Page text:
Massachusetts regulator seeks to revoke Robinhood’s broker-dealer license
Massachusetts’ securities regulator is seeking to revoke the broker-dealer license of cryptocurrency-friendly stock trading app Robinhood in the state.
William Galvin, the head of the state’s securities division, said in a new administrative complaint that Robinhood has “continued a pattern of aggressively inducing and enticing trading among its customers — including Massachusetts customers with little or no investment experience,” Bloomberg reports Thursday.
The new filing is a follow-up to a complaint filed by Galvin’s office in December 2020, alleging that Robinhood’s marketing illegally targeted inexperienced investors.
The state pointed to Robinhood’s recent activity, including a promotion that provides customers with cash rewards based on new deposits, as proof of a “firm culture which has not changed.”
Robinhood responded to the new complaint, arguing that the action could prevent “millions of Bay Staters” from accessing their platform. In December, the company said that its platform had nearly 500,000 customers in Massachusetts.
The firm has filed a lawsuit seeking to invalidate a recently adopted fiduciary rule in Massachusetts that state regulators have accused it of violating. Adopted in 2020, the rule requires broker-dealers to act in their clients’ best interest.
“The Massachusetts Securities Division’s new Fiduciary Rule exceeds its authority under both Massachusetts state law and federal law,” Robinhood said. “Robinhood is a ‘self-directed’ brokerage firm that does not make investment recommendations or provide investment advice. By its own terms, the new rule does not apply to self-directed firms,” the firm noted in the lawsuit.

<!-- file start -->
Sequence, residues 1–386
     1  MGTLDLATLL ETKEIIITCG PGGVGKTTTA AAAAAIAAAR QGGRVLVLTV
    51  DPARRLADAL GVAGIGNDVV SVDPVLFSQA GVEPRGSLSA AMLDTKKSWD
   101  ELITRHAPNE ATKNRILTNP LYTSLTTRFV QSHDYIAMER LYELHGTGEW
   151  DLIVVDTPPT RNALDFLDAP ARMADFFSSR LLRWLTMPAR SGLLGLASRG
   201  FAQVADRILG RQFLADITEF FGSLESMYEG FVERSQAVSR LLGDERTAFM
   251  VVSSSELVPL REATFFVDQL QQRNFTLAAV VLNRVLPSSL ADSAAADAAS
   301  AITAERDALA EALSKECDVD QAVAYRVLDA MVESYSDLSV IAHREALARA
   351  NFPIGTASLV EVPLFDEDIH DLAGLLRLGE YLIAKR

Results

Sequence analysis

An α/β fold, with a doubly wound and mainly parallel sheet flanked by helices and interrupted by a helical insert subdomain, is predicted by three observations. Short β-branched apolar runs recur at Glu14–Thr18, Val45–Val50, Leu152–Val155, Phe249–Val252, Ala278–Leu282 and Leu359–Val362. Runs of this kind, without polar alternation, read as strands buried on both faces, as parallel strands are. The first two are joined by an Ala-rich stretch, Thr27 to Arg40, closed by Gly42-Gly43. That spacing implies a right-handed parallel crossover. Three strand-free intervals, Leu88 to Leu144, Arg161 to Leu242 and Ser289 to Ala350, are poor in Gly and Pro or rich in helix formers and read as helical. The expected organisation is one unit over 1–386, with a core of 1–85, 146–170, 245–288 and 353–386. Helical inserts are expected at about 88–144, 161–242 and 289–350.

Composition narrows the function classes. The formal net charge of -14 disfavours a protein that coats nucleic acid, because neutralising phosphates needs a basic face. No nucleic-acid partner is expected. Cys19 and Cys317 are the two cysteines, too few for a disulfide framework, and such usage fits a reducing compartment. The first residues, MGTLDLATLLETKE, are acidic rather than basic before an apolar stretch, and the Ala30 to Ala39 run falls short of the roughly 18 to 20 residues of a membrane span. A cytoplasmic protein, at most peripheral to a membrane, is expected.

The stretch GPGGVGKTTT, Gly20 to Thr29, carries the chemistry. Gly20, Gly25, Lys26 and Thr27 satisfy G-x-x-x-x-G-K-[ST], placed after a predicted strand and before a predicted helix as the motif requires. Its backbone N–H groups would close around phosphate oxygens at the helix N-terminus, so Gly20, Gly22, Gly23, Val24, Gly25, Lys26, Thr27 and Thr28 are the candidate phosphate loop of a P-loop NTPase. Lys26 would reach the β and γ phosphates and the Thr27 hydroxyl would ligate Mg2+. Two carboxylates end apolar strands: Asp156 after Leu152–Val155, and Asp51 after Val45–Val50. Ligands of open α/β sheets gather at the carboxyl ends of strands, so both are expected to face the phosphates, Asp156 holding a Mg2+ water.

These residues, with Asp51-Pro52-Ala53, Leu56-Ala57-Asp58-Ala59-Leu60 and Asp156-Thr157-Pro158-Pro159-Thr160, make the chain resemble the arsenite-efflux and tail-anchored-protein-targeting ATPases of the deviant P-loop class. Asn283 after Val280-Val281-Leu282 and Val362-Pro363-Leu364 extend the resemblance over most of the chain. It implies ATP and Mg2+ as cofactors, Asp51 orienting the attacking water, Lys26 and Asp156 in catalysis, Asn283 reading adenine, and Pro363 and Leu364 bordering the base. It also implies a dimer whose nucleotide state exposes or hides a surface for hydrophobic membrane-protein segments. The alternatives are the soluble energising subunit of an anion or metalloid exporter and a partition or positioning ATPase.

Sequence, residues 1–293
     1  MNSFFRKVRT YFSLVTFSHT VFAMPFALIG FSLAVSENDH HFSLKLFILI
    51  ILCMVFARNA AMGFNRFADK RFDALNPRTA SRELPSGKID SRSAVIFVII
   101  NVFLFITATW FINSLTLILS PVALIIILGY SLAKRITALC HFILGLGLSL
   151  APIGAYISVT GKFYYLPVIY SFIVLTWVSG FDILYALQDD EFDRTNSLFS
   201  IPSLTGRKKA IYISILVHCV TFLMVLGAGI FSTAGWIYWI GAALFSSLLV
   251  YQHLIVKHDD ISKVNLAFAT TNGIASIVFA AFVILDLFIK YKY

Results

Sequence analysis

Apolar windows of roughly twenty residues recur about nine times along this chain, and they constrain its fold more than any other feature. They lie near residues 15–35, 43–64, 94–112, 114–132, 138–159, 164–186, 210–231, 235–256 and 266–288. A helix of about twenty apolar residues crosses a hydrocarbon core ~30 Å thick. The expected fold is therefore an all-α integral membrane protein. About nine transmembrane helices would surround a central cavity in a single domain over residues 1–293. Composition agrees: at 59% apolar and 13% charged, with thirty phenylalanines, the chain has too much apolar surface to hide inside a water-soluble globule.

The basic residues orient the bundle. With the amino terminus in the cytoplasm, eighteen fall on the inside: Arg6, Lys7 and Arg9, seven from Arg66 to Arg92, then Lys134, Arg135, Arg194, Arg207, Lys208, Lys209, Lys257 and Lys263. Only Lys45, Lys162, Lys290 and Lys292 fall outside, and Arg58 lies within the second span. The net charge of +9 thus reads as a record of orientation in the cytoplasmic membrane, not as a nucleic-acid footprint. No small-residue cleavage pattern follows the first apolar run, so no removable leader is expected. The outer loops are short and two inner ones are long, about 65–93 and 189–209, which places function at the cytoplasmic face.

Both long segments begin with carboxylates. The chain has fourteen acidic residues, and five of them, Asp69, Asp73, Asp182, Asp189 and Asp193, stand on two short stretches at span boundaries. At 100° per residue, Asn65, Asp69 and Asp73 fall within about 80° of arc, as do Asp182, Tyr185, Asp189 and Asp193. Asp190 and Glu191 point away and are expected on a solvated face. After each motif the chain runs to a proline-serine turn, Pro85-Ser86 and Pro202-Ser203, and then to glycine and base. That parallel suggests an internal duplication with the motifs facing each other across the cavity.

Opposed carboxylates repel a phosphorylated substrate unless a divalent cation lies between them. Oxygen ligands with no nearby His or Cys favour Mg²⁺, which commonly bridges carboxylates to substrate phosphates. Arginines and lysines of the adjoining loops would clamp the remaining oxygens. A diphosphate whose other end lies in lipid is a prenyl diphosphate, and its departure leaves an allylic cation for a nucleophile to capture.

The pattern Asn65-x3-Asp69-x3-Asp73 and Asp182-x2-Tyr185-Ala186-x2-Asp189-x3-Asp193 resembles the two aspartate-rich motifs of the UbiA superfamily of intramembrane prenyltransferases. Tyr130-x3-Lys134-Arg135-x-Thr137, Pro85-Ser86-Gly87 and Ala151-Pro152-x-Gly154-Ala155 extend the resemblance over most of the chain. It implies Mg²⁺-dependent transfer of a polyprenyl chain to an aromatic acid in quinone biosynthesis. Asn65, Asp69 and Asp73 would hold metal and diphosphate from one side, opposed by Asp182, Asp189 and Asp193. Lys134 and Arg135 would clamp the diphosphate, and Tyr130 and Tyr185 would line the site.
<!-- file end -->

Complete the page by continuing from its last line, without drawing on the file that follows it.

Robinhood has faced mounting pressure from regulators and users alike after it became involved in the controversial GameStop stop short-squeeze. Robinhood halted buying for GameStop stock in January 2021, drawing the ire of the trading community.
Last year, 20-year-old Robinhood user Alex Kearns committed suicide after seeing a $730,000 negative balance on his Robinhood app. A note on his computer reportedly posed the question, “How was a 20 year old with no income able to get assigned almost a million dollars worth of leverage?” In February 2021, Kearns’ parents filed a lawsuit against Robinhood over his death.
Robinhood has been also experiencing a number of technical issues, reportedly causing major losses for traders and triggering further legal action against the company.